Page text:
Feb 1, 2024 - Energy & Environment

Saudi Arabia's head-scratching oil production move

Illustration of a Rorschach test made of oil, depicting question marks.

Illustration: Shoshana Gordon/Axios

There's no real consensus about why Saudi Arabia ditched plans to raise its max oil pumping capacity — a decision the kingdom has not explained.

Why it matters: State oil giant Aramco's announcement comes amid uncertainty about long-term demand growth, and as nations double down on fighting climate change.

Catch up fast: Aramco on Tuesday scrapped plans to lift "maximum sustainable capacity" to 13 million barrels per day (mbd) by 2027, up from 12.

What they're saying: Some in the energy market's analyst hive-mind see a tacit concession that long-term consumption increases won't match the Saudi's bullish public stance.

  • For instance, a Morgan Stanley note says it could show a "government expectation that demand for its oil will no longer rise as strongly as previously expected," Reuters reports.

Yes, but: "We think the decision is likely primarily a function of a more resilient supply outlook rather than a change in view on demand," Barclays' Amarpreet Singh said in a note.

  • There's lot of supply growth outside OPEC these days, with more barrels from the U.S. (the world's largest producer), Brazil, Guyana and elsewhere.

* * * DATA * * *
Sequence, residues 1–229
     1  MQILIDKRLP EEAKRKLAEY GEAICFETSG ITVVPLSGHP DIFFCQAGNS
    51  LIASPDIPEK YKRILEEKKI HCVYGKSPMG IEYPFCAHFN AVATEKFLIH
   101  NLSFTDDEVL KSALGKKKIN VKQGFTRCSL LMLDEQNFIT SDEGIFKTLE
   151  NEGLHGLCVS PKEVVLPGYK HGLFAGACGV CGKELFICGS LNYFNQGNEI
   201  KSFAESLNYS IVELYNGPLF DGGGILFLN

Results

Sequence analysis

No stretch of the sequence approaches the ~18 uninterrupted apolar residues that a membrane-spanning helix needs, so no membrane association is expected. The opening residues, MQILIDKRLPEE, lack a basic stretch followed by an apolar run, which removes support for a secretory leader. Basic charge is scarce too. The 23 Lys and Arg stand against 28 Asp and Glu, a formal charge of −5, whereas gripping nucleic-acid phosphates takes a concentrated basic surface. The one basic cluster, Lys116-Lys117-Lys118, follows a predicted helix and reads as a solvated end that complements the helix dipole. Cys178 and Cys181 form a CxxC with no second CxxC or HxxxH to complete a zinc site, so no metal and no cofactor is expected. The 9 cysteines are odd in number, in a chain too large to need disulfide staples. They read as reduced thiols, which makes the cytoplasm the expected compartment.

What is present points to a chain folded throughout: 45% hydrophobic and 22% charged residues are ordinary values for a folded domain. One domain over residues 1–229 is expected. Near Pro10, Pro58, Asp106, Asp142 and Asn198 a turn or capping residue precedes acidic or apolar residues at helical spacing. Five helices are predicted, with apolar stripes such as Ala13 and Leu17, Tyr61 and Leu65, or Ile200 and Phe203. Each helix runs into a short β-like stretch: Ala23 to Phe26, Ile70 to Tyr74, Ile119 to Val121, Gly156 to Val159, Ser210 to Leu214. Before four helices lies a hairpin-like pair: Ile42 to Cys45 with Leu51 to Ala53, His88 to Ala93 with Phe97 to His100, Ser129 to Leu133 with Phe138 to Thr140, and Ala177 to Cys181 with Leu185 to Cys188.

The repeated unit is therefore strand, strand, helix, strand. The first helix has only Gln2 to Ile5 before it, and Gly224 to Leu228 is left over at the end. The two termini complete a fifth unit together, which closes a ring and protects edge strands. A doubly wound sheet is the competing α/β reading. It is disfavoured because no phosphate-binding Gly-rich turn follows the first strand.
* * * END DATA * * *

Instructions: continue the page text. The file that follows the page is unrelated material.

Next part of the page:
State of play: Current Saudi production is roughly 9 mbd.

  • That follows decisions in recent years to hold back output via OPEC+ deals and voluntary pullbacks.
  • HSBC analysts see sustained non-OPEC growth and a "slowdown in global demand growth to crowd out OPEC barrels in the medium term."
  • That means "little space" in the market much above 10 mbd from Saudi Arabia in the next 2-3 years, their note on the capacity pivot states.

The big picture: Money looms over this.

  • Rice University's Jim Krane notes Saudi strategy has toggled between grabbing market share and going for revenue from higher prices; it now favors the latter.
  • "Do they need another million barrels a day of production capacity if they're not going to use it? It's expensive to raise capacity and maintain it so that it can be brought on stream quickly," he says.

Meanwhile, the kingdom needs money for economic diversification, including big "Giga" projects, Krane tells me.

  • "The lack of foreign investment for Giga projects and their huge investment requirements may have something to do with wanting to reallocate the investment capital," he said.
  • Speaking of money, Bloomberg reports Aramco — which remains state-owned but did a limited IPO in 2019 — is mulling a new share sale.

Between the lines: Check out this X thread from Saudi oil expert Ellen Wald, who thinks the kingdom's leaders are weighing considerations including...

  • Engineers' concerns about long-term field health;
  • A "different geopolitical situation" than when the Saudis' Abqaiq installations were attacked in 2019, even in light of today's turbulent geopolitical scene;
  • Now, the country is on "decent" terms with Iran and Qatar, and the Saudi conflict with the Houthis subsided.
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